Should Central Banks Play Politics?

September 12, 2019
Former president of the Federal Reserve Bank of New York Bill Dudley speaks during the Bank of England Markets Forum at Bloomberg in London on May 24, 2018. (Victoria Jones/Pool Photo via AP)

He’s never come and said it, but it’s pretty clear that Bank of Canada Governor Stephen Poloz disagreed with former prime minister Stephen Harper’s rush to balance the budget ahead of the 2015 election despite the collapse of oil prices.  

The best evidence of the disagreement came in 2016, when Poloz gave a lecture that showed tighter fiscal policy forced the Bank of Canada to keep interest rates low, exacerbating the country’s household debt problem and jeopardizing financial stability. The lecture took place after Prime Minister Justin Trudeau took office, but Poloz still felt obliged to avoid a direct critique of his former political master.

“We will refrain from evaluating the pros and cons of alternative policy mixes,” Poloz told his audience at the University of Ottawa.

By keeping quiet, Poloz was respecting the unwritten rule that central banks should steer clear of politics, even when a government’s policies threaten economic and financial stability. Since central bankers are unelected, they have no business challenging the wisdom of those who won democratic mandates, according to this convention. Discretion also avoids attracting unwanted attention from politicians who might seek influence over central banks’ day-to-day decision making.

Whenever questions arise, the Bank of Canada states explicitly that it takes fiscal policy as a given, as do most central banks in liberal democracies. But should they? A remarkable set of columns by Bill Dudley, the former head of the Federal Reserve Bank of New York, challenge conventional thinking about where to draw the border between the technocrats assigned to oversee monetary policy and the political class. It’s a debate worth having.

At the end of August, Dudley wondered in print whether the US Federal Reserve’s policy committee risked encouraging US President Donald Trump’s trade wars by cutting interest rates.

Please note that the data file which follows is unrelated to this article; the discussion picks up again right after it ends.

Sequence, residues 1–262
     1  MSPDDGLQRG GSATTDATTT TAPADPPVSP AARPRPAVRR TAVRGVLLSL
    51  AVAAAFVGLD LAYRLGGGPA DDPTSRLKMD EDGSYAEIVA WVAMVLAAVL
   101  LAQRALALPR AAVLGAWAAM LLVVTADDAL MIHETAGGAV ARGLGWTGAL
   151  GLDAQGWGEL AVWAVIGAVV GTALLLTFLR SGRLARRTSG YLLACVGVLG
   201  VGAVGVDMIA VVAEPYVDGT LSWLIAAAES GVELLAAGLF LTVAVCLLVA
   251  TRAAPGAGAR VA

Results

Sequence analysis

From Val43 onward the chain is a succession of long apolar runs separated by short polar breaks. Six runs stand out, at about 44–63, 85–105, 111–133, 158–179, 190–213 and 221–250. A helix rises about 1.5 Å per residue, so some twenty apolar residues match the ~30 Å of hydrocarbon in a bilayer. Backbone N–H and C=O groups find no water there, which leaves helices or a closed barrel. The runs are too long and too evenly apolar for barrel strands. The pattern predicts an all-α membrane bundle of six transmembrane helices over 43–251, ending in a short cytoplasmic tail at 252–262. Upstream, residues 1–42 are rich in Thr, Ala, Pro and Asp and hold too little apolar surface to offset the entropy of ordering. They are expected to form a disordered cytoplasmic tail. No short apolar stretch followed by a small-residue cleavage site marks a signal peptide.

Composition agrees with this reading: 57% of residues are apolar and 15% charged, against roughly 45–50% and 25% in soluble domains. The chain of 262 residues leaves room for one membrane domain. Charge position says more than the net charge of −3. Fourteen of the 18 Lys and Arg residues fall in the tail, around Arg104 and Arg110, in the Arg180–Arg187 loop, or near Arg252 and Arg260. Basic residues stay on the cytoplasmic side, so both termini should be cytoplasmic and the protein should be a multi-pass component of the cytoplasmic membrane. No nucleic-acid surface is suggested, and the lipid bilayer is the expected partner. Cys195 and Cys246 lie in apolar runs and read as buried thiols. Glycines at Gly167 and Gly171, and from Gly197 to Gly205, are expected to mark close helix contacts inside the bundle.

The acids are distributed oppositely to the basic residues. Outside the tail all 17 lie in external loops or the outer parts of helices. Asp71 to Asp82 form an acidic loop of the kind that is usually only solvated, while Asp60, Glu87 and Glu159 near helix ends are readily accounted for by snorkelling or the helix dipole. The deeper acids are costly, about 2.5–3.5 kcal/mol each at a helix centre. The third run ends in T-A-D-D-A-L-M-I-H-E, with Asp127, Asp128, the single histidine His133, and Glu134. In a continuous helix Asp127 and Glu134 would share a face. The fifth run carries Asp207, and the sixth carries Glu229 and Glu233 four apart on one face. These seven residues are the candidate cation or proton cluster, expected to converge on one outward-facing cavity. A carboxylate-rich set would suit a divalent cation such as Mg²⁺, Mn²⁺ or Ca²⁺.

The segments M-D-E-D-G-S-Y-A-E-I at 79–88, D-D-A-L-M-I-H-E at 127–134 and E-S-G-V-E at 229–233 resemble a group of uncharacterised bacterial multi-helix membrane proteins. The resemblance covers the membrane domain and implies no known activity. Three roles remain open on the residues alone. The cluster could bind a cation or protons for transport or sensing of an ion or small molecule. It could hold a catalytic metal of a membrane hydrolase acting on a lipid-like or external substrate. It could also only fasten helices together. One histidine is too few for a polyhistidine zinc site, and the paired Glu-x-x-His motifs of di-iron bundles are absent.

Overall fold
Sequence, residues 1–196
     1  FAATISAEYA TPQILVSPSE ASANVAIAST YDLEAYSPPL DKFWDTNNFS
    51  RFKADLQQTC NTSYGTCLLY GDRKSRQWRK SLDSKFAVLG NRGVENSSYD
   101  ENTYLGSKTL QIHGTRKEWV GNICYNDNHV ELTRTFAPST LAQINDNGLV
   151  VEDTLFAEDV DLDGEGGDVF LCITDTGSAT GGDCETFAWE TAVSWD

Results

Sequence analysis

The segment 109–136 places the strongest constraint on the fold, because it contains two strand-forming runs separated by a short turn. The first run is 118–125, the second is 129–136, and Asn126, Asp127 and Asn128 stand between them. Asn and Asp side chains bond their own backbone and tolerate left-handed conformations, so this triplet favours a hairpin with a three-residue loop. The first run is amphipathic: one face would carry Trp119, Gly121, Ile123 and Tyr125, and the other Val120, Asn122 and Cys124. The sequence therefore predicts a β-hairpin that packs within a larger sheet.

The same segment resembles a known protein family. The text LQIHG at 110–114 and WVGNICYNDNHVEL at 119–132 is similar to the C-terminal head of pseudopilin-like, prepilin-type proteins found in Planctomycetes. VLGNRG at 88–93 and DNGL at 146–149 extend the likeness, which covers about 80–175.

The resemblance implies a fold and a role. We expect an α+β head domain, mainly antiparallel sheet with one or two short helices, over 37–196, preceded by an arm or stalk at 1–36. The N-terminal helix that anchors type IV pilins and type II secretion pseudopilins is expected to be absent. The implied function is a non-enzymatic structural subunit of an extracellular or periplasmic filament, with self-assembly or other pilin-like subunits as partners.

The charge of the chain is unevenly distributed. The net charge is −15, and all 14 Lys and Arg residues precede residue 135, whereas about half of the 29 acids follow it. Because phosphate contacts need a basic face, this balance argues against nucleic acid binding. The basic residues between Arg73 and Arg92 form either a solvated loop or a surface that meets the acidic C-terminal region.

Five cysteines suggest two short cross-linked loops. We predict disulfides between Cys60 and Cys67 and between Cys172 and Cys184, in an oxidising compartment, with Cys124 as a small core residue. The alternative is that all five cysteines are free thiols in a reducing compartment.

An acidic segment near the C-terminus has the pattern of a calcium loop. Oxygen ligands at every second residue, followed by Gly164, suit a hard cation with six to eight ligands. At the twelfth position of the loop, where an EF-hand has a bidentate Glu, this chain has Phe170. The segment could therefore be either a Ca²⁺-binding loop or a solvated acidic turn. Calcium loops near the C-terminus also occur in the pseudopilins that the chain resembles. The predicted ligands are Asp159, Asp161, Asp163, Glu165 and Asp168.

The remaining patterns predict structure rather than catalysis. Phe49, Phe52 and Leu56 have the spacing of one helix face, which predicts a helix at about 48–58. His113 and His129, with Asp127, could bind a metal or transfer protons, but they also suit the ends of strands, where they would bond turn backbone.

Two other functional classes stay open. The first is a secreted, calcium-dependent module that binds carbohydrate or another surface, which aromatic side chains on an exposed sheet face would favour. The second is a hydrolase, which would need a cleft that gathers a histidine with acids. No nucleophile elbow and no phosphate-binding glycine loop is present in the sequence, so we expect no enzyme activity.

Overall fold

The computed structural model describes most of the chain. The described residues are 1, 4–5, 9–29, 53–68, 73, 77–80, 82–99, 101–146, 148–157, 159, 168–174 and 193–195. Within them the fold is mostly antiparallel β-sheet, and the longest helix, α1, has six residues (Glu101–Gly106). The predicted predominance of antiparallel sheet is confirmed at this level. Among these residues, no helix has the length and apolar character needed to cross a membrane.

If Trump’s tariffs and sanctions are choking the global economy and unsettling markets, and those are the reasons for lowering borrowing costs, the Fed would have cause to interfere with the president’s efforts, Dudley argued. Trump’s consistent attacks on Jerome Powell, the US Federal Reserve chairman, offer another reason for taking a stand against the White House; Dudley argues that the president’s tweets have raised questions about the Fed’s independence.

“Trump’s reelection arguably presents a threat to the U.S. and global economy, to the Fed’s independence and its ability to achieve its employment and inflation objectives,” Dudley, who is now a senior research scholar at Princeton University, wrote for Bloomberg Opinion. “If the goal of monetary policy is to achieve the best long-term economic outcome, then Fed officials should consider how their decisions will affect the political outcome in 2020.”

The column generated a wave of controversy. Lawrence Summers, the Harvard economics professor who served in the administrations of Bill Clinton and Barack Obama, said Dudley’s op-ed “might be the least responsible statement by a former financial official in decades.” Larry Kudlow, director of Trump’s National Economic Council, said Dudley had gone “over the cliff.” Narayana Kocherlakota, the former head of the Minneapolis Fed, said Dudley was “completely wrong” and that the legitimacy of a committee of unelected technocrats “relies on its adhering to its assigned tasks,” which in the case of the Fed, means keeping inflation at two percent and keeping unemployment low.

For his part, Powell reiterated that “political factors play absolutely no role in our process, and my colleagues and I would not tolerate any attempt to include them in our decision-making or our discussions.”

Dudley published a second column in which he responded to the backlash. By suggesting that the Fed should actively push back against Trump’s trade agenda and electoral prospects, he said, he was only being “provocative,” and that he didn’t think the Fed should allow the economy to fail or take sides in the election. “I wanted the Fed to be more explicit that the greatest risk to the economy was the uncertainty created by the U.S. trade war with China,” Dudley wrote on September 4. “By making this clear, the Fed would increase President Trump’s stake in that downside risk. As a result, with more at stake, the president might be more attentive to the risks the trade war posed to the U.S. economy.”